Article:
Travel: Cruising in the Douro Valley, Portugal

Lamego is a handsome town on the terraced slopes of the Douro Valley. Home to Portugal's first parliament, it is brimful of noble manor houses and spot lit medieval monuments. As far as tourists are concerned though, its main claim to fame is an 18th century shrine, the Sanctuary of Our Lady of Remedies, flanked by twin bell towers. Back in the day, pilgrims climbed 600 zigzagging steps to reach this sanctuary nudging the clouds, but fortunately our coach did the journey for us.

The Douro river and his vinyards. 
River Douro, Portugal.
The Douro river and his vinyards. River Douro, Portugal.

We were here on a shore excursion courtesy of AmaWaterways – they include all their excursions in the fare which I think is a pretty good deal. We’d started our week’s river cruise a couple of days earlier in Porto – Oporto to the locals – the northern Portuguese terracotta-roofed coastal city that gave its name to the fortified drink. The part of town called Vila Nova de Gaia, which lies at the other side of the river, is home to several British port wine cellars, their names emblazoned on signs from the 1950s – Cockburn, Taylor, Croft and Graham, the latter founded by two Scottish brothers in 1820.

We managed to cram in a whirlwind tour of some sights before our ship, AmaVida, set sail next morning. The historic centre of the city is a UNESCO World Heritage Site and walking around town the tiled splendour of Porto’s Sao Bento railway station had a few cameras clicking as did Lello, a bookshop dating back to the early 1900s with neo-gothic façade, wooden walls, hand carved shelves and imposing staircase. However our chatty guide became positively ecstatic when it came to talking about Dutch architect Rem Koolhaas’ concert hall, the iconic, geometrically designed Casa da Musica. “It is THE most beautiful concert hall, excellent acoustics,” she declared, “without a doubt, the best in Europe”.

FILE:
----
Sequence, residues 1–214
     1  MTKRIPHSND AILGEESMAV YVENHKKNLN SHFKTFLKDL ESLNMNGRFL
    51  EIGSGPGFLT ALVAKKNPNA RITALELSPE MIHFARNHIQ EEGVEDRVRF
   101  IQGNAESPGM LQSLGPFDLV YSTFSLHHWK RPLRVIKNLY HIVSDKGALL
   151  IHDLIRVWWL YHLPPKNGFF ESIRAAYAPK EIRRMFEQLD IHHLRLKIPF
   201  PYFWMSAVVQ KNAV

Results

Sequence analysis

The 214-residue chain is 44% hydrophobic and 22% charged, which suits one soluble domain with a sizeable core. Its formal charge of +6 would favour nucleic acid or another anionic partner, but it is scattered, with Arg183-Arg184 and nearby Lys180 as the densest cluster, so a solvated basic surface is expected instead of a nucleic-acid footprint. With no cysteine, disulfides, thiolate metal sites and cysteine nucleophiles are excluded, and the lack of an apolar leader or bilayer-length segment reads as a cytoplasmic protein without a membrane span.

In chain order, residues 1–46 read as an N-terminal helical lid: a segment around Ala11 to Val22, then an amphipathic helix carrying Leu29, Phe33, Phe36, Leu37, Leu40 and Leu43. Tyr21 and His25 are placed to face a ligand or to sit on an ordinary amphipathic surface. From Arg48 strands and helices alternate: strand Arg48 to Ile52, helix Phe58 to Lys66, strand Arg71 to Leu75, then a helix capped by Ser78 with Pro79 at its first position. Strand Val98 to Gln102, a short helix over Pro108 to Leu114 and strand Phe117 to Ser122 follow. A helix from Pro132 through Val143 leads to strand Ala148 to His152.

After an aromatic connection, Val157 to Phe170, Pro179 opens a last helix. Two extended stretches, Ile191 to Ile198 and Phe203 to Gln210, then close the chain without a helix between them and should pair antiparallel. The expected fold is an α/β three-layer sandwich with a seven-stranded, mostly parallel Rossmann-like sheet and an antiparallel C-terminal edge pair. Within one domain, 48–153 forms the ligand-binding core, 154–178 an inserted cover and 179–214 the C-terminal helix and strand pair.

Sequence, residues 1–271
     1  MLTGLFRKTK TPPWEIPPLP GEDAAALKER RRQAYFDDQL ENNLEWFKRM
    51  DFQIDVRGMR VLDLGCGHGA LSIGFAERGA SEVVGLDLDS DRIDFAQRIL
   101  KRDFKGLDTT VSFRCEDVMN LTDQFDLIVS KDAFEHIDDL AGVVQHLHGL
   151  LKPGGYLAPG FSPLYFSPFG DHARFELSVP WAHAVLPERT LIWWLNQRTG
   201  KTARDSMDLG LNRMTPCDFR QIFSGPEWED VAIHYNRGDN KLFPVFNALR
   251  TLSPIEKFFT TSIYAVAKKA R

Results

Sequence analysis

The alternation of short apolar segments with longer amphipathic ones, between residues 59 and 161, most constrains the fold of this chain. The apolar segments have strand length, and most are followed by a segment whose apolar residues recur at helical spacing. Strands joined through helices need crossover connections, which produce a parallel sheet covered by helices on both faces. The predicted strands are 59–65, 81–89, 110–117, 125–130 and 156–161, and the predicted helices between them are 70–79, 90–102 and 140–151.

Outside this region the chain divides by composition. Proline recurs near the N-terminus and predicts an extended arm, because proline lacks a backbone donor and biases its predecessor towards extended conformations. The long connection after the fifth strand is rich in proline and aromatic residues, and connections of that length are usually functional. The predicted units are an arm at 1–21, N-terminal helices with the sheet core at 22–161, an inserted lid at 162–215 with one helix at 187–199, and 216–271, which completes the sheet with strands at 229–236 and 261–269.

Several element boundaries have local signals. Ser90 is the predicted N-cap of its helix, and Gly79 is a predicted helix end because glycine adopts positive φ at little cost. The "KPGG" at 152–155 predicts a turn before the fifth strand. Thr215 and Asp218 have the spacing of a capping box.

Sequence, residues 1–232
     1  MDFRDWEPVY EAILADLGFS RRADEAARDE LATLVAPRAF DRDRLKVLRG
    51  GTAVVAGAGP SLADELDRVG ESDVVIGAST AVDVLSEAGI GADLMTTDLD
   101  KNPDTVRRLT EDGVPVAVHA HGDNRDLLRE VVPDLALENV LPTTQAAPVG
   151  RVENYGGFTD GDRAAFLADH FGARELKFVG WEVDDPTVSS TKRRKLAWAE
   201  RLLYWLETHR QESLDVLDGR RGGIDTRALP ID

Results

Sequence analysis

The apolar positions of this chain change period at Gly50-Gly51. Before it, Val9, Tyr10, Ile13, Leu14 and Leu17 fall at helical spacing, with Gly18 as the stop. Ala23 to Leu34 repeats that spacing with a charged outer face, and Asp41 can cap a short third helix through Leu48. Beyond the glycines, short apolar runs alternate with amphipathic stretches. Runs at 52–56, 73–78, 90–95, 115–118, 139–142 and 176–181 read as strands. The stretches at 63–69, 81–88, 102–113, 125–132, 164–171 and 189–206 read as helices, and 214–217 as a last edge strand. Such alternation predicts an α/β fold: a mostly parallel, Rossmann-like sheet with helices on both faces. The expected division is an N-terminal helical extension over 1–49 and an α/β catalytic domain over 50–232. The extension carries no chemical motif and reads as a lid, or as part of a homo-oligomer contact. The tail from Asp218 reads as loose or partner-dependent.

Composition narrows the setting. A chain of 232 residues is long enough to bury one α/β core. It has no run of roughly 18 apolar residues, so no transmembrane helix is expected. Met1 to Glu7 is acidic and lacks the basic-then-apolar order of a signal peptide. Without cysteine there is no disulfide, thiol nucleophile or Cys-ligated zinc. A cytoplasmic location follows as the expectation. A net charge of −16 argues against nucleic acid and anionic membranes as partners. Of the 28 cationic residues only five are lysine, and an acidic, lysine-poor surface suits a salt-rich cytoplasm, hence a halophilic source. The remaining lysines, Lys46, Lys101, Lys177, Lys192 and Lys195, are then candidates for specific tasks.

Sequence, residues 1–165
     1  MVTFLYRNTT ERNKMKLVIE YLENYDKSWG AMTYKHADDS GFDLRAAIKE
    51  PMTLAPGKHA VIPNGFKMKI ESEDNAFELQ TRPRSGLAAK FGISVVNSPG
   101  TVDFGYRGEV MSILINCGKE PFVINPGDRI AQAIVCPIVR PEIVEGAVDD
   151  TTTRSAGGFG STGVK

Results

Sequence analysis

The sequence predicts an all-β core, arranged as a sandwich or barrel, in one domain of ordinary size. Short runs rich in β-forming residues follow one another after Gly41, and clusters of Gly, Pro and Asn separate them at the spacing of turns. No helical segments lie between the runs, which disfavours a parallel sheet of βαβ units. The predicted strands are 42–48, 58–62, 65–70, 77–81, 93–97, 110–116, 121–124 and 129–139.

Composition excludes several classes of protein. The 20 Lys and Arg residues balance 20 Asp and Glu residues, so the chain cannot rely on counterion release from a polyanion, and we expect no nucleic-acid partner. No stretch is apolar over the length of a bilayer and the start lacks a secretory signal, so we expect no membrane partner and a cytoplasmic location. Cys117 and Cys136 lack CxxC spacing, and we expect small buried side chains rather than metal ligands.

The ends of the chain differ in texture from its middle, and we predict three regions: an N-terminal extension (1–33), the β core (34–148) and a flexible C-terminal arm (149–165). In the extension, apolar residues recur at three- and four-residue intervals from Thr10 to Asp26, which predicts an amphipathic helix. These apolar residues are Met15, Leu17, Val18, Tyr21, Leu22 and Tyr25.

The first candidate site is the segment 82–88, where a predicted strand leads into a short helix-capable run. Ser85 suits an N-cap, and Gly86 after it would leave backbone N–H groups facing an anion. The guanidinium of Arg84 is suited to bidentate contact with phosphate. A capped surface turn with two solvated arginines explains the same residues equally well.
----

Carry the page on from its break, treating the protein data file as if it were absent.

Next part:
Of course, Porto is indeed charming but much of the appeal of a river trip comes from the scenery lining its banks, in this case the steep, terraced vineyards on which thousands of hectares of port wine grapes are cultivated, well after all, this is an oenologically blessed region. Wine production here goes back to pre-Roman times though it wasn’t until the 18th century, thanks to King Jose 1’s royal charter, that it became a demarcated and regulated wine-growing region. Medieval villages, blurs of white sugar cube houses, intermittently dot the landscape as do quintas (wine estates) peeping between tangles of almond and olive groves.

Barrels of port in Graham's cellar image. Picture: Gilly Pickup

Holding a maximum of 106 passengers, the AmaVida is petite, which of course is a necessity on the Duoro with its narrow, though deep, locks – five in all on this trip. Cabins – most have balconies – are compact but contain everything a person needs while bathrooms are well set out with walk-in showers and posh toiletries. An inviting, bite-sized pool on the sundeck is a boon in the baking heat – I was there in August, the hottest month to visit this region. The piano lounge/bar and restaurant are comfortable and pleasantly designed. Floor to ceiling windows mean there’s no need to miss out on admiring the passing scenery as you sail along the glassy blue-green river while lingering over lunch or dinner. And I should say, besides the aforementioned complimentary excursions, guests can expect free wine and beer with meals and extra perks such as private port tastings.